LG Electronics Profit Beats Estimates on TVs, Mobiles

LG Electronics First-Quarter Profit Beats Analysts’ Estimates
Profit at LG’s home-entertainment unit was boosted by sales of high-end TVs featuring 3-D screens and Web-based services. Photographer: Daniel Acker/Bloomberg

LG Electronics Inc., the world’s second-largest television maker, reported first-quarter profit that exceeded analyst estimates as TV and smartphone sales led earnings gains at its main businesses.

The company had net income of 242.5 billion won ($213 million) in the three months ended March 31, compared with a loss of 15.8 billion won a year earlier, Seoul-based LG said in a statement today. The average of 20 analyst estimates compiled by Bloomberg was for a profit of 181.9 billion won.

Profit at LG’s home-entertainment unit was boosted by sales of high-end TVs featuring 3-D screens and Web-based services, while new devices using Google Inc.’s Android software helped the mobile-phone business return to profit. LG is racing to introduce new smartphones and TVs to narrow the gap with Samsung Electronics Co. and recover market-share losses in mobile phones to its South Korean competitor and Apple Inc.

“The TV side is improving a lot, nearly showing the best profitability ever, as their product mix is getting better,” Kim Ji San, a Seoul-based analyst at Kiwoom Securities Co., said by phone. “Investors have been the most worried about the mobile business, but profit is widening there, as well.”

LG fell 1.3 percent to 77,700 won at the close of trading in Seoul, after rising as much as 2.3 percent, while the benchmark Kospi index slipped 0.1 percent.

Operating profit more than tripled to 448.2 billion won even as sales fell 7.1 percent to 12.2 trillion won.

Operating Profit

Profit rose 92 percent to 217.1 billion won at LG’s TV business and increased to 38.9 billion won at the mobile-phone division, compared with a loss of 100.5 billion won a year earlier.

LG is seeking to boost LCD TV sales by about 20 percent to 30 million units this year with models showing 3-D images and connected to the Web.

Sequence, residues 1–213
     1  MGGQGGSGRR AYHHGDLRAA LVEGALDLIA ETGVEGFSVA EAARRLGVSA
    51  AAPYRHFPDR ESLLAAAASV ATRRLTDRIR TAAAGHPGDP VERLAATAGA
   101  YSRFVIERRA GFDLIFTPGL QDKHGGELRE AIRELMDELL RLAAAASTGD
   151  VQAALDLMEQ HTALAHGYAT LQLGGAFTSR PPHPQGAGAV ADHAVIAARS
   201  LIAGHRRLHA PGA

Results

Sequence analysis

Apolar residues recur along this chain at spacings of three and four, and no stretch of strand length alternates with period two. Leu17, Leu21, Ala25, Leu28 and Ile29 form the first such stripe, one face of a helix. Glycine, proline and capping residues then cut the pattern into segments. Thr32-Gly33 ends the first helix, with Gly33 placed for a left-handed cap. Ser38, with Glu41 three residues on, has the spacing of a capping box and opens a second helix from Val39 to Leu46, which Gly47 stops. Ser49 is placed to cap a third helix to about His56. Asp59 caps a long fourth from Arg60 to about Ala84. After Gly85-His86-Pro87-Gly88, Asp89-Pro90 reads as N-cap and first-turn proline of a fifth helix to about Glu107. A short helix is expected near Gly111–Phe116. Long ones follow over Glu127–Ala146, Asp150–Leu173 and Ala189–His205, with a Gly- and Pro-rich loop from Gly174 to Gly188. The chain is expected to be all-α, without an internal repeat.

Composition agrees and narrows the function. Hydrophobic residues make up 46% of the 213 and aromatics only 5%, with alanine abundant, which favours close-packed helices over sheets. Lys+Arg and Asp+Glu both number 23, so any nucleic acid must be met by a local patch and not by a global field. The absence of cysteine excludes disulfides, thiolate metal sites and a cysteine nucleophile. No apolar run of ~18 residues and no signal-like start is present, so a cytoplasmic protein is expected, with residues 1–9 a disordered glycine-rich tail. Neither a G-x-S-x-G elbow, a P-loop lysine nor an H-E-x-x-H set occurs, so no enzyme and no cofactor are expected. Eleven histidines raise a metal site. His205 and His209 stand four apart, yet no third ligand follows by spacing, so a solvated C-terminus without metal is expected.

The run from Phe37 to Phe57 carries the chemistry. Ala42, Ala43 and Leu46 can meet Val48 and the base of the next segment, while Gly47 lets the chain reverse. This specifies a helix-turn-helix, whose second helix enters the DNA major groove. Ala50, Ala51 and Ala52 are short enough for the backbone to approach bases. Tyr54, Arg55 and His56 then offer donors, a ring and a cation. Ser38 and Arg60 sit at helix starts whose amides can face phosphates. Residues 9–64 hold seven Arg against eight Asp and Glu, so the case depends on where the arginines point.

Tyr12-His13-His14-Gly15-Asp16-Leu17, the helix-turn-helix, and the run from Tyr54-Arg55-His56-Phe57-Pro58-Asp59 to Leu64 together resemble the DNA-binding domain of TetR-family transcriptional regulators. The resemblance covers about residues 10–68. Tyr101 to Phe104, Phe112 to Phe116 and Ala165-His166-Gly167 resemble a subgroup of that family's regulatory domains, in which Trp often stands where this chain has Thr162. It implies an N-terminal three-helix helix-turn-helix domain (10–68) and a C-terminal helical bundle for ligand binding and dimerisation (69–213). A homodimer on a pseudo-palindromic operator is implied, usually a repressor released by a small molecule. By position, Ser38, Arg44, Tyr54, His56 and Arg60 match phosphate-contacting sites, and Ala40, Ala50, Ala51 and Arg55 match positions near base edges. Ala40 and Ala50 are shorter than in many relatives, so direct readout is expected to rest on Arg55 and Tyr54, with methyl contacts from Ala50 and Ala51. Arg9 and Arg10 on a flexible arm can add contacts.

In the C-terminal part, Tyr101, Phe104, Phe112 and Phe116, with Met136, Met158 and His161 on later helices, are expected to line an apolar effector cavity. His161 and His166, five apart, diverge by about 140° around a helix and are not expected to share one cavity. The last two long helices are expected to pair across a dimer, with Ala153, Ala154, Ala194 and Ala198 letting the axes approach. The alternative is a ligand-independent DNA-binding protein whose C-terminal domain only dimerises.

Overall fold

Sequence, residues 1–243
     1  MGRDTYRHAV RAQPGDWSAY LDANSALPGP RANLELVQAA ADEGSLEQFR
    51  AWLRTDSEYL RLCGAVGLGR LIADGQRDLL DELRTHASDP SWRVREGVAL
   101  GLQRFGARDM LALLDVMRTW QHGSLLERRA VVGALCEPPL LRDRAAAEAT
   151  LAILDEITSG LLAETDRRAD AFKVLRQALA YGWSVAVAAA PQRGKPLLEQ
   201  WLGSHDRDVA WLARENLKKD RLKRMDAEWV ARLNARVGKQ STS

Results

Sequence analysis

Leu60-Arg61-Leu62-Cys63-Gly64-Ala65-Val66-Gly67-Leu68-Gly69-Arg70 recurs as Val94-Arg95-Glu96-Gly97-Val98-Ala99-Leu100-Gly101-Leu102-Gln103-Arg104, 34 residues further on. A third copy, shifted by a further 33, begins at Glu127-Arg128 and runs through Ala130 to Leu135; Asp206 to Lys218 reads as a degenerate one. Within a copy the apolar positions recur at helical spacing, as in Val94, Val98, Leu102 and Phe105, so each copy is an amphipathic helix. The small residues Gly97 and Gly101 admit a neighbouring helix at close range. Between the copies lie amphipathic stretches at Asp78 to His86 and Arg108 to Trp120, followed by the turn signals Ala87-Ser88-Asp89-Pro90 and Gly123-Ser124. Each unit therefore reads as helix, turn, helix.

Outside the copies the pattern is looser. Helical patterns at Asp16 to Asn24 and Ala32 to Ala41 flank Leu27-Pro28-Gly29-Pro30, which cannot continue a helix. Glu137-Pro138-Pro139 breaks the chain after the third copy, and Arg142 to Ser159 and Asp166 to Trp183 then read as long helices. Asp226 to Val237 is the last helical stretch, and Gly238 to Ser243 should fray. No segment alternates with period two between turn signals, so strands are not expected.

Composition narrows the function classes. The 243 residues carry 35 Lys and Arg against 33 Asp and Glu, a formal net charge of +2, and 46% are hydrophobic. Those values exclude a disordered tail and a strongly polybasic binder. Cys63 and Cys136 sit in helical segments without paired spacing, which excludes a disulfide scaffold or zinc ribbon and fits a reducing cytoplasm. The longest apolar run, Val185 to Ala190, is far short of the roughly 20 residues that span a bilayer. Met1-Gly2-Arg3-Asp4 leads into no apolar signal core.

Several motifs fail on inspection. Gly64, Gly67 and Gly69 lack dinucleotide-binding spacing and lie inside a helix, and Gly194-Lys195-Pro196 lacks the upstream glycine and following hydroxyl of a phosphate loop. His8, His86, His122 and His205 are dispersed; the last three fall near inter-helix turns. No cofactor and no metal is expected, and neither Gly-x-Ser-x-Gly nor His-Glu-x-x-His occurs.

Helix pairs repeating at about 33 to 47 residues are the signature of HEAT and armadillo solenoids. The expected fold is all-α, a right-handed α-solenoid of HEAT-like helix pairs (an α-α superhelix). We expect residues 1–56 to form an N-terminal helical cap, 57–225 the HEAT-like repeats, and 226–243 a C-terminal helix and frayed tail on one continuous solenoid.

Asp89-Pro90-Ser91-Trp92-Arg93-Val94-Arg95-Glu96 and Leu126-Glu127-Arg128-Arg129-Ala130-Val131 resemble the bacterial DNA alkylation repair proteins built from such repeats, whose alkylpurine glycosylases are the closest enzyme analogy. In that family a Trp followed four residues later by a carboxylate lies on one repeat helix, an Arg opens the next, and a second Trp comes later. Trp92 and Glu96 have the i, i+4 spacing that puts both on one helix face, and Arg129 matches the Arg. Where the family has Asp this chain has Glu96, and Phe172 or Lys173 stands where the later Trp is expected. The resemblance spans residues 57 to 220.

The company will likely sustain profitability at its TV business in the second quarter, as it offers more 3-D models, Chief Financial Officer David Jung said at a briefing. LG’s overall profit in the second quarter will probably remain similar to the previous three months or slightly decrease as marketing costs for new products increase, Jung said.

The company wants to become the largest seller of 3-D TVs this year by capturing about 25 percent of the market, with about 80 percent of new products to be sold in South Korea to have 3-D features, LG said in January.


LG also plans to start selling TVs using the organic light-emitting diode, or OLED, technology, which measures as thin as 4 millimeters and produces sharper images than LCD sets.

Such new models are helping the company increase profit from selling TVs at a time when Japanese competitors are mired in mounting losses and global demand is slowing.

Shipments of mobile devices in the first quarter fell 22 percent from the fourth quarter to 13.7 million units, LG said. Operating profit margins on mobile-phone sales still widened to 1.4 percent in the first quarter from 0.4 percent in the previous three-month period.

The company’s mobile-phone sales, including basic models, will probably decrease 18.4 percent this year, according to estimates by Kiwoom Securities Co. LG was overtaken by Apple as the world’s third-largest largest handset maker last year, according to estimates from market researcher Strategy Analytics.

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